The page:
Statistics could be to blame. For years, we’ve been told that people with bulimia are almost exclusively female, white, wealthy, and straight. If someone who doesn’t fit this profile has bulimia symptoms, do they get diagnosed properly? And do they get treatment?
Let’s dig into the bulimia statistics so we can start to understand this eating disorder.
Bulimia, Sex, and Gender
Researchers say bulimia is five times more likely in women than in men. But this statistic could obscure the very real risks men face. (1)
A woman with bulimia is likely to talk about using a binge to cope with outside stress, and she purges because she wants to get or stay thin. A man with bulimia could look very different.
Men with eating disorders often express a wish to get big, bulky muscles and a very thin waist. They want to look like supermodels or weightlifters, and they’re willing to do almost anything to change their bodies accordingly.
A man like this may not seem fixated on losing weight. Instead, he might want to gain weight. But he might also purge to ensure the “wrong” calories don’t settle around his middle. (2)
His bingeing and purging cycles are real. But it’s likely to be misdiagnosed as something other than bulimia.
Bulimia and Race or Ethnicity
Black teenagers are 50% more likely to have bulimia than white teenagers. In fact, researchers say bulimia is more common in all minority groups than in white populations, contrary to popular belief.
Black teenagers are 50% more likely to have bulimia than white teenagers.
Black, Hispanic, and other so-called “minority” populations regularly face prejudice, discrimination, and hostility. Their lives are often filled with stress that outsiders can’t always understand. And the sources of their stress can’t be fixed by anything they might try as individuals. (3)
Bulimia can easily develop when people feel stressed and unable to fix situations in life. It’s often a method to gain control in a world that feels uncontrollable. It’s easy to see why people in minority populations face added risks.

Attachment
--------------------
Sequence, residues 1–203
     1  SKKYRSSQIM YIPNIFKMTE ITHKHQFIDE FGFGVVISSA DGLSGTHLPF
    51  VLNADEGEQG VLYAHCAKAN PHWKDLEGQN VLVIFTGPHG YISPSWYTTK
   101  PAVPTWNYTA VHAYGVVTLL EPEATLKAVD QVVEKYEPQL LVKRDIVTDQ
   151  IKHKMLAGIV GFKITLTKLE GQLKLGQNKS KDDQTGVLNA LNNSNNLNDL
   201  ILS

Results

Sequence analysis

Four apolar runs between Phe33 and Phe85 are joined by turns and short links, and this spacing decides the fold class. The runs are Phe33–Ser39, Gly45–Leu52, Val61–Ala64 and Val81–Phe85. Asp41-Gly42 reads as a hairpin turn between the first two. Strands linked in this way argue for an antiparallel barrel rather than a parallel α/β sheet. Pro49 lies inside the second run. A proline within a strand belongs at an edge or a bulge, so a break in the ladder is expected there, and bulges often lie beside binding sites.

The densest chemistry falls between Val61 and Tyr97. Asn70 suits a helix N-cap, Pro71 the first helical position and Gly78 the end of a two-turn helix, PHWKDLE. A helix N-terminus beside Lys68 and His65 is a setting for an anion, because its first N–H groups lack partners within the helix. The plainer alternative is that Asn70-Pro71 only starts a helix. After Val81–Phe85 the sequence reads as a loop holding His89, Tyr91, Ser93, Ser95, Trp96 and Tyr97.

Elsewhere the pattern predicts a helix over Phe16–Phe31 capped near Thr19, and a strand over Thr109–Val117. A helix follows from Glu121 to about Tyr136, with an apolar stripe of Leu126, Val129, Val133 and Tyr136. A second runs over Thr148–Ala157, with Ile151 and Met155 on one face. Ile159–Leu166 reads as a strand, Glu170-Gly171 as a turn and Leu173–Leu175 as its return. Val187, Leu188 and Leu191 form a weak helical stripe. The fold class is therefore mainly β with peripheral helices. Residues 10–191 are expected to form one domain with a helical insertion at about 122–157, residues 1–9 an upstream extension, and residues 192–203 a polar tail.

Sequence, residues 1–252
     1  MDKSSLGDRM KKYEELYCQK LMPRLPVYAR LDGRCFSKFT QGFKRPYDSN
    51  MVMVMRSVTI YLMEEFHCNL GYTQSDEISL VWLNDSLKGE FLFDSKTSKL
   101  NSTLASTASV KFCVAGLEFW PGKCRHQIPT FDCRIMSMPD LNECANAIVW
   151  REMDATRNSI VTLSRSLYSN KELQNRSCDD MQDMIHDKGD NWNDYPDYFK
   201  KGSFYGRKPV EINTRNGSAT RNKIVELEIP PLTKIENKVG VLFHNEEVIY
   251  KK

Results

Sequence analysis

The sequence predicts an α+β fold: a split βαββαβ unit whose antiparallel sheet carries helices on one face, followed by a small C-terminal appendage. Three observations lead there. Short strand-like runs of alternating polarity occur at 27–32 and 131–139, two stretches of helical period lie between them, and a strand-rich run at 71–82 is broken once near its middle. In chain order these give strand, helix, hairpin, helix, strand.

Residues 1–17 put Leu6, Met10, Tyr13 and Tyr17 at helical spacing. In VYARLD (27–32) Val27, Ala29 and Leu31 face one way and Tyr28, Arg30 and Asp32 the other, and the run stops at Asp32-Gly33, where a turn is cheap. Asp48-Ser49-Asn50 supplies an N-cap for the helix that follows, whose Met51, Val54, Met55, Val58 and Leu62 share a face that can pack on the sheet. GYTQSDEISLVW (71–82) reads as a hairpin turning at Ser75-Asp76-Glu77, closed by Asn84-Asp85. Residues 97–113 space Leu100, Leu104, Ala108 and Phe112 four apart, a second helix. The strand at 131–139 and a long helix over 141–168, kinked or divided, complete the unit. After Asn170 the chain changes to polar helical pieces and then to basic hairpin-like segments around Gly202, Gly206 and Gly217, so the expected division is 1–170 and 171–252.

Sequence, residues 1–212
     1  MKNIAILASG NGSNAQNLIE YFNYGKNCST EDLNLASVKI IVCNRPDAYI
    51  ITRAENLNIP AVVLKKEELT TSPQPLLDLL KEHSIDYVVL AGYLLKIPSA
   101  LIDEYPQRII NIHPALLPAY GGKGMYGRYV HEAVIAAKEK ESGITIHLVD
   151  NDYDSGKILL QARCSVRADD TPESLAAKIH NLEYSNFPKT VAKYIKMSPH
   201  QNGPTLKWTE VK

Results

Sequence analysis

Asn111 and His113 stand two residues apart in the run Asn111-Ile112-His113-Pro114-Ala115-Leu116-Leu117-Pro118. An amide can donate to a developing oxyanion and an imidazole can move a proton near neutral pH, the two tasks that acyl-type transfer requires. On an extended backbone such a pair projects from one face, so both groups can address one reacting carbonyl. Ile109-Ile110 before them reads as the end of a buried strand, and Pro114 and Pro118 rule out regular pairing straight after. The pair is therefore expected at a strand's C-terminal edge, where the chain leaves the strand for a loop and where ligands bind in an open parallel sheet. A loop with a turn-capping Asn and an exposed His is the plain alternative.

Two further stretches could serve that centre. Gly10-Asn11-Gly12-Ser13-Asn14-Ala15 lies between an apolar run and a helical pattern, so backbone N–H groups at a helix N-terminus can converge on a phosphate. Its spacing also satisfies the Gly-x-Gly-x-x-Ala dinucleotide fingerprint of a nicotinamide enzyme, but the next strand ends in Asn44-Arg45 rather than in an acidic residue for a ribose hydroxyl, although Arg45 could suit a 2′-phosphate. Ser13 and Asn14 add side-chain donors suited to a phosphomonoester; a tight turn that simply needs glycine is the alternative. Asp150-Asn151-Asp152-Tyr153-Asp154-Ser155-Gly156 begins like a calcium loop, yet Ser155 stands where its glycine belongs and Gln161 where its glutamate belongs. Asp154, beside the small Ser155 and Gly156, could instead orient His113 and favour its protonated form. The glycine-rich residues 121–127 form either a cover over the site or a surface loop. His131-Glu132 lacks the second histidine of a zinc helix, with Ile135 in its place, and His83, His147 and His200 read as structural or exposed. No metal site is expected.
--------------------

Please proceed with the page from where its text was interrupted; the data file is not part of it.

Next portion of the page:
People in minority populations also face many of the same risk factors that their white counterparts do. They are also, for example, forced to live in a society that prioritizes physical beauty. And they’re encouraged to push feelings down instead of discussing them. (4)
All of these factors can combine to increase the likelihood of a person dealing with bulimia.
Bulimia and Socioeconomic Class
Researchers can’t find a clear, common thread between household income and eating disorder risk. Anyone of any income could develop bulimia. (5)
But experts know that a life filled with stress can lead to bulimia, especially when that stress is impossible to amend. Relentless poverty is enough to make anyone search for what seems like a solution, and like all eating disorders, bulimia can give people a sense of control.
When compared to people working full-time, those not working due to disabilities are more likely to have bulimia, researchers say. Unfortunately, they may not have the resources needed to enroll in treatment. As a result, their eating disorder may go untreated for longer. (6)
Bulimia and LGBTQ Status
Every person in the LGBTQ community is an individual, and eating disorder rates vary widely from group to group. But one statistic makes the scope of the problem clear.
While gay men make up about 5% of the total male population, they make up 42% of men who have eating disorders. It’s clear that people in the LGBTQ community face more bulimia risks than others do. (7)
Unfortunately, people in this community tend to wait 12 months longer for treatment than others do. These delays allow eating disorders to worsen, and they could complicate recovery too. (8)
Those in the LGBTQ community tend to wait 12 months longer for treatment.
Once they do get into treatment, care is less likely to be customized for people in the LGTBQ community. Programs that cater to this demographic are few and far between, and it’s important to have a treatment program that is customized to the individual.
Final Thoughts on Bulimia Statistics and Facts
Understanding who has bulimia is important. When you see the data, you can assess your overall risk.
But remember that you’re an individual. If you don’t see yourself in these facts and figures despite the fact that you have real bulimia struggles, you can still get help. Bulimia is treatable.
Many treatment centers offer comprehensive care for bulimia. With medical supervision, personalized therapy plans, and continual support, you’ll be able to effectively manage your eating disorder.
Bulimia doesn’t have to hold you back from the life you want. Take the first step to a healthier future today.
- Eating Disorders. National Institute of Mental Health.
- Males Don’t Present Like Females With Eating Disorders. National Eating Disorders Association.
- People of Color and Eating Disorders. National Eating Disorders Association.
- Ethnic Differences in Eating Disorder Prevalence, Risk Factors, and Predictive Risk Factors Among Young Women. (November 2018). Eating Behaviors.
- Diseases of Affluence? A Systematic Review of the Literature on Socioeconomic Diversity in Eating Disorders. (December 2021). Eating Behaviors.
- Socioeconomic Correlates of Eating Disorder Symptoms in an Australian Population-Based Sample. (January 2017). PLOS One.
- Eating Disorders in LGBTQ+ Populations. National Eating Disorders Association.
- New Study Finds More Severe Eating Disorders Among LGBTQ Individuals. (May 2020). PR Newswire.